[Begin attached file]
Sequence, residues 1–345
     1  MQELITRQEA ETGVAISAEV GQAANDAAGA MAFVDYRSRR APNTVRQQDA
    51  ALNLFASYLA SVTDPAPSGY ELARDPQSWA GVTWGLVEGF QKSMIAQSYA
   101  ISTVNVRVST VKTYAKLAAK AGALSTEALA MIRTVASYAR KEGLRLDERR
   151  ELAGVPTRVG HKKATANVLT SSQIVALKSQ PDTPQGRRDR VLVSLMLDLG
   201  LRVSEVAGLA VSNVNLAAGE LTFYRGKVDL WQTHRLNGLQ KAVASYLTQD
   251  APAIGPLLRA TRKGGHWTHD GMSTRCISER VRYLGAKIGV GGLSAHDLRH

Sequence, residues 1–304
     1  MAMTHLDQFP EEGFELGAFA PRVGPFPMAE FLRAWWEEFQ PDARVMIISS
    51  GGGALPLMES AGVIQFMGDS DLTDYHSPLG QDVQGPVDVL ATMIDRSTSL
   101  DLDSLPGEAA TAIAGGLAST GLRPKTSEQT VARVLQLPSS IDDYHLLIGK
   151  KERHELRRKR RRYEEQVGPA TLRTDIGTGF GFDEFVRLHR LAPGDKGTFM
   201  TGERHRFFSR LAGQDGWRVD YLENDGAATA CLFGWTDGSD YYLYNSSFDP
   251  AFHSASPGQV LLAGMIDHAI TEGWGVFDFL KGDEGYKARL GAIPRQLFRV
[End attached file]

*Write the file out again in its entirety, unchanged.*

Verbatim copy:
Sequence, residues 1–345
     1  MQELITRQEA ETGVAISAEV GQAANDAAGA MAFVDYRSRR APNTVRQQDA
    51  ALNLFASYLA SVTDPAPSGY ELARDPQSWA GVTWGLVEGF QKSMIAQSYA
   101  ISTVNVRVST VKTYAKLAAK AGALSTEALA MIRTVASYAR KEGLRLDERR
   151  ELAGVPTRVG HKKATANVLT SSQIVALKSQ PDTPQGRRDR VLVSLMLDLG
   201  LRVSEVAGLA VSNVNLAAGE LTFYRGKVDL WQTHRLNGLQ KAVASYLTQD
   251  APAIGPLLRA TRKGGHWTHD GMSTRCISER VRYLGAKIGV GGLSAHDLRH

Sequence, residues 1–304
     1  MAMTHLDQFP EEGFELGAFA PRVGPFPMAE FLRAWWEEFQ PDARVMIISS
    51  GGGALPLMES AGVIQFMGDS DLTDYHSPLG QDVQGPVDVL ATMIDRSTSL
   101  DLDSLPGEAA TAIAGGLAST GLRPKTSEQT VARVLQLPSS IDDYHLLIGK
   151  KERHELRRKR RRYEEQVGPA TLRTDIGTGF GFDEFVRLHR LAPGDKGTFM
   201  TGERHRFFSR LAGQDGWRVD YLENDGAATA CLFGWTDGSD YYLYNSSFDP
   251  AFHSASPGQV LLAGMIDHAI TEGWGVFDFL KGDEGYKARL GAIPRQLFRV